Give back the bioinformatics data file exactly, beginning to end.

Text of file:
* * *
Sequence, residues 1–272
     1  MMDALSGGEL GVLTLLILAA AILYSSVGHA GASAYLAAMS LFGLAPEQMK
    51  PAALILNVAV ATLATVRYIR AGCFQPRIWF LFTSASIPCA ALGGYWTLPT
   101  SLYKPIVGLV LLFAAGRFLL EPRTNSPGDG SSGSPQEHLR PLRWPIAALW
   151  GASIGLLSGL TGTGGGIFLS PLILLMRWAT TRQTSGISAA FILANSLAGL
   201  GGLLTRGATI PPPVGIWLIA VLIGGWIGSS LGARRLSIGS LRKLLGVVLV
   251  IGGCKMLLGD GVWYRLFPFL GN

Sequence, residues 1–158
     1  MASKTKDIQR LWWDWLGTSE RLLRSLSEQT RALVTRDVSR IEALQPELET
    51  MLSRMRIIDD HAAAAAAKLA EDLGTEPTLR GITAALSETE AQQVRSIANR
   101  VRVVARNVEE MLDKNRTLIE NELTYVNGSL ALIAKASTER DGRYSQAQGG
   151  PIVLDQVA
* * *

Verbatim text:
Sequence, residues 1–272
     1  MMDALSGGEL GVLTLLILAA AILYSSVGHA GASAYLAAMS LFGLAPEQMK
    51  PAALILNVAV ATLATVRYIR AGCFQPRIWF LFTSASIPCA ALGGYWTLPT
   101  SLYKPIVGLV LLFAAGRFLL EPRTNSPGDG SSGSPQEHLR PLRWPIAALW
   151  GASIGLLSGL TGTGGGIFLS PLILLMRWAT TRQTSGISAA FILANSLAGL
   201  GGLLTRGATI PPPVGIWLIA VLIGGWIGSS LGARRLSIGS LRKLLGVVLV
   251  IGGCKMLLGD GVWYRLFPFL GN

Sequence, residues 1–158
     1  MASKTKDIQR LWWDWLGTSE RLLRSLSEQT RALVTRDVSR IEALQPELET
    51  MLSRMRIIDD HAAAAAAKLA EDLGTEPTLR GITAALSETE AQQVRSIANR
   101  VRVVARNVEE MLDKNRTLIE NELTYVNGSL ALIAKASTER DGRYSQAQGG
   151  PIVLDQVA